Urinary Tract Infections
Most infections are in the lower urinary tract, but can include any part of your urinary system including kidneys, ureters, bladder and urethra. Women are at greater risk of developing UTI’s than men.
Includes small lacerations, as well as minor bone, muscle and joint injuries
- Strains and Sprains
Respiratory and other Infections
Infections involving the upper or lower respiratory tract and usually caused by a virus. Symptoms vary and antibiotics are only necessary if there is a secondary bacterial infection.
Inflammation of the airways that can be acute or chronic. Chronic bronchitis is usually caused by a lifestyle of heavy smoking and require inhaled medicines to open airways and clear mucus. Other drugs may also be prescribed to treat an infection or reduce inflammation, including home oxygen to treat low oxygen levels in the blood.
Severe, sudden chest pain accompanied by pain in the upper left arm, sweating, nausea and/or shortness of breath require immediate medical attention in the ER as the most common cause is an acute heart attack. Other chest pain conditions such as hiatal hernia, gallbladder disease, ulcers, acid reflux, angina or chronic bronchitis can be treated in the office.
Disease marked by high blood sugar levels and occurring when there is too little insulin, resistance to insulin or both. Depending on the type of diabetes, treatment may require daily insulin injections or drugs to increase production, make insulin more effective or slow absorption of glucose from the gut.
High Blood Cholesterol
Cholesterol is fatty substance that your body needs to work properly. Too much bad (LDL) cholesterol can increase chances of heart disease and stroke. The official term is lipid disorder. Treatment may involve a low-fat diet, exercise, weight loss and medication to decrease elevated levels.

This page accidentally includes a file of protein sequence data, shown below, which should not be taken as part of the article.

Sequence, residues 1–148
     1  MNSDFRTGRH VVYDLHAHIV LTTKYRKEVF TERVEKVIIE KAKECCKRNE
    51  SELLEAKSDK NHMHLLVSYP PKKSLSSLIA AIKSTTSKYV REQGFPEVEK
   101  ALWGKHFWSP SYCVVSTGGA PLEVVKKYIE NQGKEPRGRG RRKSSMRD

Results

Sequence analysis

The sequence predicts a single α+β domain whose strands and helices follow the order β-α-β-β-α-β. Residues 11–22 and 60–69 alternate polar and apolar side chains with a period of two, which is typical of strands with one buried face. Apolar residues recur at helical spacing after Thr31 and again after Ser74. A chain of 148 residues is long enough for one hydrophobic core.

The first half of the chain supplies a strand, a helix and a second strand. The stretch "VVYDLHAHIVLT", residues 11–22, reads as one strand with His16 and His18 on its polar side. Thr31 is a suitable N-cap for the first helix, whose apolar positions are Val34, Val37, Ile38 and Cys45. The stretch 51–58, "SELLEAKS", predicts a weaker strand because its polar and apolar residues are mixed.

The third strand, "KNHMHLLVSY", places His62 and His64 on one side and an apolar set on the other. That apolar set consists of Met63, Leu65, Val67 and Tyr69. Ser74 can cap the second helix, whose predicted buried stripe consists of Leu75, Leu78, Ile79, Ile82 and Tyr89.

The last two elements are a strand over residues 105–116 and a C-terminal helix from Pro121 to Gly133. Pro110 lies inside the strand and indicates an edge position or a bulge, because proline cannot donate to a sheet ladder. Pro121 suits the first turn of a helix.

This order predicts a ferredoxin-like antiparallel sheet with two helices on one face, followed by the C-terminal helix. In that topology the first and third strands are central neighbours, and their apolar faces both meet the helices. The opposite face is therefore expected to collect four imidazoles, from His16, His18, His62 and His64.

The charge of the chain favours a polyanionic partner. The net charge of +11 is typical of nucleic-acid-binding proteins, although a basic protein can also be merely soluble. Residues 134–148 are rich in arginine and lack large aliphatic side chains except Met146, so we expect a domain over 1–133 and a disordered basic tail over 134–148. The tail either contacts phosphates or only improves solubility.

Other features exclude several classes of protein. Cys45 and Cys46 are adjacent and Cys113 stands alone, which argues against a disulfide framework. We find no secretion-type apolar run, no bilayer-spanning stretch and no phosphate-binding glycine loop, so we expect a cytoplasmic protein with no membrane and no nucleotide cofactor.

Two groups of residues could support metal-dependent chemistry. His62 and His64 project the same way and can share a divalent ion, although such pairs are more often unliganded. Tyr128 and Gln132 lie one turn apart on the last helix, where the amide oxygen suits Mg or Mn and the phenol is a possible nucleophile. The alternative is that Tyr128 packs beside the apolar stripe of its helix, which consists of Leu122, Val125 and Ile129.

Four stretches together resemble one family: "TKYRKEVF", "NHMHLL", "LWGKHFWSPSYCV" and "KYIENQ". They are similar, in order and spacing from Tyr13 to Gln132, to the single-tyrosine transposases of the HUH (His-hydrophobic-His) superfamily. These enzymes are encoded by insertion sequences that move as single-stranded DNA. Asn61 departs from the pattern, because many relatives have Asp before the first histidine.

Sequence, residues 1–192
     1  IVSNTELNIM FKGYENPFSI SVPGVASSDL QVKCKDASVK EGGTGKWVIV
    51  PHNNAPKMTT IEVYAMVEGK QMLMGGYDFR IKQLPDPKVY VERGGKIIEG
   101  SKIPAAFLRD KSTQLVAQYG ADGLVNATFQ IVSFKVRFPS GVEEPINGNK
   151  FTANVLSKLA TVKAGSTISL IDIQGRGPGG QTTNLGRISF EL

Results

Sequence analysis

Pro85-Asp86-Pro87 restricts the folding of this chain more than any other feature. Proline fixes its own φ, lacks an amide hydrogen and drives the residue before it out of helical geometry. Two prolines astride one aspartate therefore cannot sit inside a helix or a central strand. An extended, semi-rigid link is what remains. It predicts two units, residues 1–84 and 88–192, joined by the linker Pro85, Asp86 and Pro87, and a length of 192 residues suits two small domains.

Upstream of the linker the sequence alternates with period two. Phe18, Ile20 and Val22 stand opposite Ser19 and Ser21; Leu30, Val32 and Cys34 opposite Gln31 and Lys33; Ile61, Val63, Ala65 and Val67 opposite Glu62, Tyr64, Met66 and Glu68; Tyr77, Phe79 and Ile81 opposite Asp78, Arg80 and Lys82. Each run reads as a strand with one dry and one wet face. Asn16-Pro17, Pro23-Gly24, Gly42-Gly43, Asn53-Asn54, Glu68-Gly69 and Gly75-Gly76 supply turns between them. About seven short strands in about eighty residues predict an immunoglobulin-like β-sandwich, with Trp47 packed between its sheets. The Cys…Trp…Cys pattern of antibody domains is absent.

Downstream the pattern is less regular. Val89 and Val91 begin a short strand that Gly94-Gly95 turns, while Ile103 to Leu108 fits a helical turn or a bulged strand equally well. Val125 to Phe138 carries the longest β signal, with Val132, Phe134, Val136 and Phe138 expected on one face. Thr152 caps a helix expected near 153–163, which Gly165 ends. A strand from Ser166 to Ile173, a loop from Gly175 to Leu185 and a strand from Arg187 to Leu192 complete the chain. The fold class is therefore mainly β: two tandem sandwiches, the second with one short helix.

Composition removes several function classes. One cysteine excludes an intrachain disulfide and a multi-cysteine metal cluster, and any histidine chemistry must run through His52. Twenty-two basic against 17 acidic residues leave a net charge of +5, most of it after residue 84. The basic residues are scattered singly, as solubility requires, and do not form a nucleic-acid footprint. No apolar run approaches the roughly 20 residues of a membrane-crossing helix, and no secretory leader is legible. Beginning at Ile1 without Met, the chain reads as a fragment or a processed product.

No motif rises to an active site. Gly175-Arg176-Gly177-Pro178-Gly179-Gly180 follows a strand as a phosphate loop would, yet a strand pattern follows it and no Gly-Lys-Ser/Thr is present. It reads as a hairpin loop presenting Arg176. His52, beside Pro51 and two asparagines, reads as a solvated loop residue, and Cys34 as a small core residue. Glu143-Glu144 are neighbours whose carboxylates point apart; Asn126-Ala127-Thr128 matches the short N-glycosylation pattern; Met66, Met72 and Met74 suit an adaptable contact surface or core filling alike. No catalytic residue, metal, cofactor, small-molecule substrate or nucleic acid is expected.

Defined as systolic blood pressure (top number) over 140 mm HG or diastolic blood pressure (bottom number) over 90 mm Hg. While there are typically no symptoms, treating it is important to reduce the risk of heart attack, stroke, kidney disease and other serious conditions. Treatment may include dietary change, exercise, weight loss, smoking cessation and medication.
Range of conditions that affect your heart including blood vessel diseases like coronary artery disease, heart rhythms problem known as arrhythmias and heart defects you may have been born with (congenital).
Swelling and tenderness of one or more of your joints. Main symptoms might include joint pain and stiffness that worsens with age. The most common types of arthritis are osteoarthritis and rheumatoid arthritis.
Disorder caused by Type 1 or Type 2 diabetes, high blood pressure, inflammation of kidney filtering units and other serious conditions that can get worse over time and lead to kidney failure.
The thyroid gland regulates the body’s energy through thyroid hormones called T3 and T4. When the thyroid gland doesn’t produce enough of these hormones, the body’s metabolism slows down causing fatigue, weight gain, forgetfulness, dry skin and hair. This disease can be diagnosed with a blood test and is treated with medication to restore hormone levels.
Medical tests that primary care providers use to check for diseases and health conditions before there are any signs or symptoms. Finding problems early on makes it easier to treat them.
Yearly appointment with primary care provider to create or update a personalized prevention plan based on current health and risk factors.
Preventative routine test by primary care provider to check overall health.
Made official by the CDC as standard schedule for children, preteens, teens and adults and may include Diphtheria, tetanus and whooping cough (pertussis) (DTaP) Measles, Mumps and Rubella (MMR), Chickenpox (Varicella) and Influenza, Pneumonia vaccines such as Pneumovax 23 and Prevnar 13, Shingrix for Shingles.